His Majesty is king of sports
Sports Desk joins the rest of the nation in celebrating the King’s 86th birthday today
His Majesty the King’s love for sports is second to none. When he was younger, he was a sailing champion and played several sports including badminton. He has been a patron of several sports associations and tournaments.
Last year, the Badminton World Federation honoured the King with the President’s Medal — the BWF’s highest award — for his ‘‘exceptional contribution’’ to the sport.
Kang Young Joong, then BWF president, said the award was to ‘‘honour the outstanding lifetime contribution of His Majesty the King Bhumibol Adulyadej of Thailand to badminton.
‘‘His Majesty is truly deserving this accolade for a lifetime as an ardent protector and an enthusiastic supporter of badminton.’’
The award is another proof of His Majesty’s involvement in sports.
In 1987, the King received the International Olympic Committee’s Olympic Order for his participation in and devotion to sports.
A successful athlete himself, the King has been a fan and a patron of sports and an inspiration for Thai athletes.
In 1967, the King won a gold medal in sailing at the fourth Southeast Asian Peninsular (SEAP) Games — now the Southeast Asian (SEA) Games.
His Majesty finished tied first with his daughter Princess Ubolratana in the OK Dinghy event in Pattaya and both were gold medallists.
His triumph was even more outstanding because he built his own boat.
The King received the gold medal from Her Majesty the Queen during the closing ceremony of the Games on Dec 16 at Bangkok’s Supachalasai stadium.
Dec 16 has since become National Sports Day, when the Sports Authority of Thailand announces its athletes of the year and other award recipients.
When he was younger, the King often went to watch or preside over sports events, including world boxing cham- pionships. His Majesty witnessed Pone Kingpetch become Thailand’s first world boxing champion at Lumpini stadium on April 16, 1960.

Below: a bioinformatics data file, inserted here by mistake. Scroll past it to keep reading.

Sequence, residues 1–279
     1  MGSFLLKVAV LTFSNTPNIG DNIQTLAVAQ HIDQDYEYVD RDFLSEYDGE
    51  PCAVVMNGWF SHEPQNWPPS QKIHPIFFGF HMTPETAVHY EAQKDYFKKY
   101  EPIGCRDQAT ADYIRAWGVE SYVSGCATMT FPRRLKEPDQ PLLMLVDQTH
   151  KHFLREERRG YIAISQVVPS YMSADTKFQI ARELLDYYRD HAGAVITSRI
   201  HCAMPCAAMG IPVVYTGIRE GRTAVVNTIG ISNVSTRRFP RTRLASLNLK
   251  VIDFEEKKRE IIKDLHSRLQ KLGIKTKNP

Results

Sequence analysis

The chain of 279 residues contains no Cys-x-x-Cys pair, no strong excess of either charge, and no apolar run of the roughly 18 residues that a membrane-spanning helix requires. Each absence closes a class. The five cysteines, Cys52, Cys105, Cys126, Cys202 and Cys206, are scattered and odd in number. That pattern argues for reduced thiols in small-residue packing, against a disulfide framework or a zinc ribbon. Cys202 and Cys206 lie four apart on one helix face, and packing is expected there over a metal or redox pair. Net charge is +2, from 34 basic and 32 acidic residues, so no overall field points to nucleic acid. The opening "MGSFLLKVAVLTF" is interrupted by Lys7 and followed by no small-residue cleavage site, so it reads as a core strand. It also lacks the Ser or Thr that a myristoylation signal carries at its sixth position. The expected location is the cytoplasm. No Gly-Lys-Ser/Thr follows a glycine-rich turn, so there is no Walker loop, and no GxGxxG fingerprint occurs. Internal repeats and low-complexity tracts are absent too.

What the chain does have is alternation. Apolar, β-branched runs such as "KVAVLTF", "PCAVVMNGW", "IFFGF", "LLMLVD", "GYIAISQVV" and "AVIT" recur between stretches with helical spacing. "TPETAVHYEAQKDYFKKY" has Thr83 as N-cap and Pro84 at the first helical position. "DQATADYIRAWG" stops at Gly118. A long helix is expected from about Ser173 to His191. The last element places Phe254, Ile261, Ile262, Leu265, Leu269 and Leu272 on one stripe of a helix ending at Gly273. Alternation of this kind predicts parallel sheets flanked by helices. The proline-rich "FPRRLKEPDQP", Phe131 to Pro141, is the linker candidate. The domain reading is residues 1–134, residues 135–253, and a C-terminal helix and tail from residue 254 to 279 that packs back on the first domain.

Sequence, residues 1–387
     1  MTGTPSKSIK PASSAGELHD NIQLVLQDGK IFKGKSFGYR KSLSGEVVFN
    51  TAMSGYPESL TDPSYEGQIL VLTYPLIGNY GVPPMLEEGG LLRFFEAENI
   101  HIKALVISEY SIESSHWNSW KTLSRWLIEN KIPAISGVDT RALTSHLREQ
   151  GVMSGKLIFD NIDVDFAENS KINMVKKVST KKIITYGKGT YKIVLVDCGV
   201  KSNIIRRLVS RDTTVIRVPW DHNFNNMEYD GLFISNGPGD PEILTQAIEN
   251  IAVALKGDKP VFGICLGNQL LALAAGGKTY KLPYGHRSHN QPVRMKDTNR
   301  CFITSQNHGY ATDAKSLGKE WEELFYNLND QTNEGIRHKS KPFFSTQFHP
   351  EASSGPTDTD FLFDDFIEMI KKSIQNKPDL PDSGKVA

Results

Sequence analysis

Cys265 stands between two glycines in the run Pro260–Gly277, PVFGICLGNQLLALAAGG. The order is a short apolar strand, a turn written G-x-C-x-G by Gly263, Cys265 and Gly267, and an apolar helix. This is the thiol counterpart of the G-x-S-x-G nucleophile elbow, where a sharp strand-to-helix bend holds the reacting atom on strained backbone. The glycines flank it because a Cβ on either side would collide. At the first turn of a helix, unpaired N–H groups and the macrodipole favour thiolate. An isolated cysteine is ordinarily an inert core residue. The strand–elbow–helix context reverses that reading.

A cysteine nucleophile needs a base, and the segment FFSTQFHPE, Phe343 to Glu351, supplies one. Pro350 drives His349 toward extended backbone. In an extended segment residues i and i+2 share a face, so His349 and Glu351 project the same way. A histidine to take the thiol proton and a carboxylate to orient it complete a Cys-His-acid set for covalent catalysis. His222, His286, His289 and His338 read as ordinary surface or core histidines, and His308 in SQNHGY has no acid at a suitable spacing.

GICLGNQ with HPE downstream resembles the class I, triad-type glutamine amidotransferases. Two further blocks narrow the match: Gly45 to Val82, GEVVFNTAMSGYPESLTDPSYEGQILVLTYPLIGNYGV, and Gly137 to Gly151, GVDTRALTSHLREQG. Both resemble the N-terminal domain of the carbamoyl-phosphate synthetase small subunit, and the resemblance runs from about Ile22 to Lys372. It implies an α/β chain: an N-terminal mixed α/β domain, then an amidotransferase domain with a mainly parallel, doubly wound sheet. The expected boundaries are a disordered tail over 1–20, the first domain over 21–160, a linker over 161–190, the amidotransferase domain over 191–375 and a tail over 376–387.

After beating title-holder Pascal Perez of Argentina to claim the flyweight crown, Pone was granted an audience at the Royal Box.
‘‘When His Majesty patted me on the back, I was so happy that I cried,’’ Pone said at the time.
His Majesty’s influence has continued into the modern era. At the 2004 Olympics in Athens, His Majesty sent a message to the Thai boxing team to wish them good luck.
‘‘The King’s message makes me feel stronger,’’ Manus Boonjumnong said before he won gold.
At the 2008 Olympic Games in Beijing, boxer Somjit Jongjohor carried an amulet bearing the image of the King in the monkhood.
‘‘The King himself is holy — he is holier in the monkhood,’’ said Somjit, who went on to take gold.
The King has also personally funded several individual athletes including Charoen Wattanasin who received His Majesty’s scholarship to study for a Masters and played badminton in England decades ago.
One of Thailand’s most successful shuttler of all time, Prof Charoen served as president of the Badminton Association of Thailand, which has received the King’s patronage since 1954, until this year.
His Majesty has donated trophies to several sports events including the ongoing King’s Cup Regatta, King’s Cup football tournament, Thailand Open golf and badminton championships and King’s Cup amateur boxing event.
The King is not only interested in sports for the sake of competition but he has also encouraged Thais to take part in sports for good health and unity.
‘‘Sports can improve the quality of lives and a nation,’’ he once said in a speech. ‘‘Sports can unite the people and the country.’’